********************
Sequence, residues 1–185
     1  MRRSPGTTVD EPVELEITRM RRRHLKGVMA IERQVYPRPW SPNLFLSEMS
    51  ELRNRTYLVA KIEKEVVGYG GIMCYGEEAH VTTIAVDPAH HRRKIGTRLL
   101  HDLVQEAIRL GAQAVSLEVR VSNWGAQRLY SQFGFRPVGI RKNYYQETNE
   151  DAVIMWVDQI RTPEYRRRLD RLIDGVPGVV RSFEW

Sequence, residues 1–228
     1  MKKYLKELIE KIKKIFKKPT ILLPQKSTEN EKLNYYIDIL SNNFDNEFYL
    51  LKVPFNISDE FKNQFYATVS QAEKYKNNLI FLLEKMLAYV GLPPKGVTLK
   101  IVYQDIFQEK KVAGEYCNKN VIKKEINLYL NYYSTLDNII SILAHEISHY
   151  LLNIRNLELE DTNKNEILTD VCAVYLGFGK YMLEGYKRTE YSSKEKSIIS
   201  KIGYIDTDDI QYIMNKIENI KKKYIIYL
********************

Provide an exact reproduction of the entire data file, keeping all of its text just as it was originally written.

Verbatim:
Sequence, residues 1–185
     1  MRRSPGTTVD EPVELEITRM RRRHLKGVMA IERQVYPRPW SPNLFLSEMS
    51  ELRNRTYLVA KIEKEVVGYG GIMCYGEEAH VTTIAVDPAH HRRKIGTRLL
   101  HDLVQEAIRL GAQAVSLEVR VSNWGAQRLY SQFGFRPVGI RKNYYQETNE
   151  DAVIMWVDQI RTPEYRRRLD RLIDGVPGVV RSFEW

Sequence, residues 1–228
     1  MKKYLKELIE KIKKIFKKPT ILLPQKSTEN EKLNYYIDIL SNNFDNEFYL
    51  LKVPFNISDE FKNQFYATVS QAEKYKNNLI FLLEKMLAYV GLPPKGVTLK
   101  IVYQDIFQEK KVAGEYCNKN VIKKEINLYL NYYSTLDNII SILAHEISHY
   151  LLNIRNLELE DTNKNEILTD VCAVYLGFGK YMLEGYKRTE YSSKEKSIIS
   201  KIGYIDTDDI QYIMNKIENI KKKYIIYL